The purpose of this study is to evaluate the predicted impact of climate changes on thermal regime and stability of the communal ice cellar located in the isolated settlement of Lorino, Chukotka Autonomous Okrug, Russia. To achieve this goal, we used the results of 5-year thermal monitoring in chambers of the ice cellar and methods of numerical simulation.

2. Materials and Methods

2.1. Natural Environment of the Study Site

The modeled entity is located at the territory of the Lorino settlement at Cape Lugren of the Chukchi Peninsula, which is confined to the residual of the sea-shore terrace adjacent to the Mechigmen Bay (Figure 1). The territory of the settlement is located within the border area between the Arctic and Subarctic marine climatic zones [22]. Due to the high barometric gradient resulting from cycles of warming and cooling of land and sea, the territory is characterized by strong winds. The effect of strong winds determines severe winters and irregular distribution of snow cover. Winter lasts for two-thirds of a year, and the average temperature for January ranges from −16 to −20 °C. Summer is cloudy and chill, with average temperature for July from +8 to +10 °C. In the course of a year, precipitation within the area is insignificant, 400 mm on average [23]. According to the Köppen-Geiger updated classification [24], the climate of the area under study is typical for the polar tundra. The same as the Chukchi Peninsula in the whole, Lorino lies upon the permafrost layer with a thickness up to 200 m [25]. The mean annual temperature of frozen ground within the bottom of the annual variation layer varies within the range of −1–4 °C [26]. In general, frozen soils are characterized with solid cryogenic structure, with more of the rare laminated (in sandy loam) and basal (in peat) structures. [27,28]. The area under study locally demonstrates the cryogenic topography, mostly of thermokarst and thermo-erosional types [29]. The settlement forms a part of the Chukotka municipal district, one of the largest national settlements of the region: its population counts 980 residents [30], and 80% of them are representatives of indigenous peoples.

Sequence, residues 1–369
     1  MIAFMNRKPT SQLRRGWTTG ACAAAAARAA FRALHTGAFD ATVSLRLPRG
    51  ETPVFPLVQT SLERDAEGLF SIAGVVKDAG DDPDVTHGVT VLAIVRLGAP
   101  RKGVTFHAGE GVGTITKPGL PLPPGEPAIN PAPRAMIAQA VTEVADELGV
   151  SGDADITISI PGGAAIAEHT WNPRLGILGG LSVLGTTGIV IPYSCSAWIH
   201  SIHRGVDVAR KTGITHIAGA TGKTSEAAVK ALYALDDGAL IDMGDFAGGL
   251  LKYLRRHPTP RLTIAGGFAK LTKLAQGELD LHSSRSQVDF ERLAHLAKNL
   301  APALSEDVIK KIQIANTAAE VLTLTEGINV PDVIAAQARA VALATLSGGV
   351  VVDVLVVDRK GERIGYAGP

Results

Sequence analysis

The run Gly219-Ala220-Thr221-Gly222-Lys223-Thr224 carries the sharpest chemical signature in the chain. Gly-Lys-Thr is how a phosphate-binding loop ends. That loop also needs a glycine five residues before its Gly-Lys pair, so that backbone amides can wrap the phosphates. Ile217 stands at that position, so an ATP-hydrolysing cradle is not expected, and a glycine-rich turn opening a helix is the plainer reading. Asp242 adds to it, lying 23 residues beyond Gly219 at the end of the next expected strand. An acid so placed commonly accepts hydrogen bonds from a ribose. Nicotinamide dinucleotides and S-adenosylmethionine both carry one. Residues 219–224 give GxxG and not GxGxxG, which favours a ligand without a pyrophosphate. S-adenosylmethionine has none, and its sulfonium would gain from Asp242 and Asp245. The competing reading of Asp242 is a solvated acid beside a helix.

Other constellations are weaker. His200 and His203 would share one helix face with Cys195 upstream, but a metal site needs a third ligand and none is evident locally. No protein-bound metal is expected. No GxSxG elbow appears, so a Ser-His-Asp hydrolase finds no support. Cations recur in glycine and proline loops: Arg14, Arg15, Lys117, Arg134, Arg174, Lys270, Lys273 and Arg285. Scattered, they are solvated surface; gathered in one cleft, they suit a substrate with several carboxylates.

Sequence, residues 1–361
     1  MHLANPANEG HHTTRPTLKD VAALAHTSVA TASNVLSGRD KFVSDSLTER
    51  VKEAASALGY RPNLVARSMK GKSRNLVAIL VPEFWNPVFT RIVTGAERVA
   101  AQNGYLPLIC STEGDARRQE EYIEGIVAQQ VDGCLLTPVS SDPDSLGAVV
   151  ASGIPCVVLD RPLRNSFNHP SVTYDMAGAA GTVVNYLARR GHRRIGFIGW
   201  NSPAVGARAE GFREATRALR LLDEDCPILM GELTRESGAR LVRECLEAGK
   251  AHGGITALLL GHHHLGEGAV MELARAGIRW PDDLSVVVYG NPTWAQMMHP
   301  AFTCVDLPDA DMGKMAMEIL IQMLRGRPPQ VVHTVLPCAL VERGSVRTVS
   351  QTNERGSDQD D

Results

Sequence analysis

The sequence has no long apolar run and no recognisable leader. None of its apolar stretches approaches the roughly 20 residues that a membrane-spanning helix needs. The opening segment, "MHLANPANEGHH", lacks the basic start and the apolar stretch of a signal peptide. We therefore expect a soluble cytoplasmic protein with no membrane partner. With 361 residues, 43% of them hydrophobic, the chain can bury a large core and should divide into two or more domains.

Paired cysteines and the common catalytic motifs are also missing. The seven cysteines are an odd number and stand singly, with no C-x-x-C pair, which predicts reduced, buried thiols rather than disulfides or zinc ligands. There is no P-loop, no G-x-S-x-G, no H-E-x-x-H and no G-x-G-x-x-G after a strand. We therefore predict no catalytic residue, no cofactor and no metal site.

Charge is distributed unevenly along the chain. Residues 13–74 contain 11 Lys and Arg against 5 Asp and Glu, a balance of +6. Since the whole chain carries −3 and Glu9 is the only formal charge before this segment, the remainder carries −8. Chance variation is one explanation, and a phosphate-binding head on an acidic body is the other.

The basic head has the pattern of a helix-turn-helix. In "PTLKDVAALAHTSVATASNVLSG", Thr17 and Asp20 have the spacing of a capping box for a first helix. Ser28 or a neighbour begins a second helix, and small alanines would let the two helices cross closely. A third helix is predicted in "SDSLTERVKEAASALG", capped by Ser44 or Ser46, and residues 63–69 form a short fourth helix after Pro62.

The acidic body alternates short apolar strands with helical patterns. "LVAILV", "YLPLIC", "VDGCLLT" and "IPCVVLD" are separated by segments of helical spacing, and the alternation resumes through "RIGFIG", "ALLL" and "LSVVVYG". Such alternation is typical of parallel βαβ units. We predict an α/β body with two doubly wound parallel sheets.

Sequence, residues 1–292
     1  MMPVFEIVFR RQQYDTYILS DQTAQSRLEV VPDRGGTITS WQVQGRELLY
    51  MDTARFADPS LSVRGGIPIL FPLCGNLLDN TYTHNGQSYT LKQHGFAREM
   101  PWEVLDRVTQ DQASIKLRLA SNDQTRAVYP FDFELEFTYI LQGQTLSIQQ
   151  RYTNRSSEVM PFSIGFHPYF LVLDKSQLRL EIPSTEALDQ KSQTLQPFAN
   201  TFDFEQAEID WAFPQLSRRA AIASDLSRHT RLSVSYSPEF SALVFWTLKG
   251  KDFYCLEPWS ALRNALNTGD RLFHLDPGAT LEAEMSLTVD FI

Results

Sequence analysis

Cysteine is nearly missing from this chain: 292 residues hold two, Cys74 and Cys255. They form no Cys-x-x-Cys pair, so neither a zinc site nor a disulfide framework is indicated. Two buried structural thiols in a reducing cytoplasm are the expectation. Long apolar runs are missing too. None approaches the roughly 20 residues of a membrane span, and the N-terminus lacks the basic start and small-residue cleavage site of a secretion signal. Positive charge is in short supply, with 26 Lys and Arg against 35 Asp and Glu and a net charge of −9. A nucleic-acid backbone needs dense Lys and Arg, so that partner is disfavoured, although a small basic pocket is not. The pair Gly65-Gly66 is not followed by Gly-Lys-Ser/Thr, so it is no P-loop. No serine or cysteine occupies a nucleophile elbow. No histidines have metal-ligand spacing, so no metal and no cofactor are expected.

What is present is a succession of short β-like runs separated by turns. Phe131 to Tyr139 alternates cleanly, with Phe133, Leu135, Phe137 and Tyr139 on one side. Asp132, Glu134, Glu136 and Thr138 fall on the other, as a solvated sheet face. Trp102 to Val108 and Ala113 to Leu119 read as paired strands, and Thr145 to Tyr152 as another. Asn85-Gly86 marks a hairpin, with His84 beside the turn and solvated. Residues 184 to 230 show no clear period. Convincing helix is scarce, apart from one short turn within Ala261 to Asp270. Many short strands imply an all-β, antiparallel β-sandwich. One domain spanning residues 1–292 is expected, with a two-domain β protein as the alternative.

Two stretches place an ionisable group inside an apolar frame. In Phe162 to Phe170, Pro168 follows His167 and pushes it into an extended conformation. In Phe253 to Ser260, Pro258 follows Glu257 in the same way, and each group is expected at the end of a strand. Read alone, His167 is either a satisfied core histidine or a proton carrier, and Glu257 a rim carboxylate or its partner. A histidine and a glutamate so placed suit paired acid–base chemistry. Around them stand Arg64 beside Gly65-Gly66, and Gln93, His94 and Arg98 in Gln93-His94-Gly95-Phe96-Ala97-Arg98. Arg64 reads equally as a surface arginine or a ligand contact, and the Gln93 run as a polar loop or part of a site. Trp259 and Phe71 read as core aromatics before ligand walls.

2.2. Modeling Object

The community ice cellar in Lorino is a horizontal tunnel with lateral galleries and chambers dug into the residual of a Pleistocene marine terrace with a relative height of 15 to 20 m. The terrace is composed of sands, underlain by loamy deposits and covered with a thin layer of peat (Figure 2). According to engineering survey reports [27], the ice cellar floor coincides with the loams/sands’ boundary. The main structure of the ice cellar is a 159 m long tunnel, with a 50° turn in its middle part from the straight direction. The cellar has a vertical 10 m height shaft, which is used for both meat transportation and winter ventilation (see Figure 2).
The local whale-hunting community takes a number of specific steps to maintain consistency of the ice cellar. To keep low temperatures inside the storage facilities, the ice cellar is ventilated with passive ventilation during the coldest months, these being January, February and March [10]. This measure is very efficient: it allows for the decreasing of the internal temperature by 4–6 °C during the cold season. To keep the inside temperature low, blocks of river ice are brought into chambers. Other important measures include repeated reconstruction of ice cellar structures and minimizing access to the cellar during the summer period.